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Article

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Abstract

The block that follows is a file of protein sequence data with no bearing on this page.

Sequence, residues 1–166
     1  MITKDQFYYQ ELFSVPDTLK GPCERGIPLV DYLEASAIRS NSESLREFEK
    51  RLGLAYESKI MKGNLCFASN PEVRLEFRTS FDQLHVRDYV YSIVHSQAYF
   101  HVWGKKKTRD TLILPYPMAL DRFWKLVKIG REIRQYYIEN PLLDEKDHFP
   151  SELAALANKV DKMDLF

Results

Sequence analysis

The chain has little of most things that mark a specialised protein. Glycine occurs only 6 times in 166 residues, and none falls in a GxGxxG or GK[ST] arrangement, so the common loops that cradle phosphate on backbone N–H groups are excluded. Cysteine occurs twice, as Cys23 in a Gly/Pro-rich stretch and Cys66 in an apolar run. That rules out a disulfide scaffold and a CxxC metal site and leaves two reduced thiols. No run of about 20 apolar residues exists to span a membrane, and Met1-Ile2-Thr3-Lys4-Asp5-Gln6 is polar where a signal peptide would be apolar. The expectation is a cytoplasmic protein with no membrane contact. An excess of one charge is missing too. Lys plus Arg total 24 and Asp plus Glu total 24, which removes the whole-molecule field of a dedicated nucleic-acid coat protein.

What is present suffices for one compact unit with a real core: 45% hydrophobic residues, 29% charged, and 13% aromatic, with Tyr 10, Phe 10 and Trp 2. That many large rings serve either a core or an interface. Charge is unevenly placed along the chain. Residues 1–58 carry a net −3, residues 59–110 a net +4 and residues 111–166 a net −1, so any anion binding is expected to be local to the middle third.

In Antoine de La Sale’s fifteenth-century work Jehan de Saintré, a point of rupture in the amorous relationship between Madame des Belles Cousines and Saintré is initiated when this young knight decides to organize and participate in an emprise (a late medieval tournament) without notifying her or asking for permission from the king of France. In this article I will show that that by failing to secure royal authorization before organizing an emprise, Saintré commits a more serious error than often acknowledged in the scholarship about this text. This is important, because many scholars read this scene as an unjustified overreaction on Madame’s part. Some critics see La Sale’s text as a criticism of unbridled female involvement in chivalric pursuits. My analysis of the motif of obtaining authorization for emrpises in late fourteenth- and fifteenth-century romance, chronicle, and chivalric biography reveals that seeking royal approval to participate in these events is neither trivial nor optional. I will present textual and codicological evidence from Jehan de Saintré itself, Froissart’s Chroniques, the Livre des faits de Jacques de Lalaing, and fifteenth-century chroniclers supporting this assertion. In so doing, I will offer evidence that Saintré is not completely innocent in the demise of his relationship with Madame.

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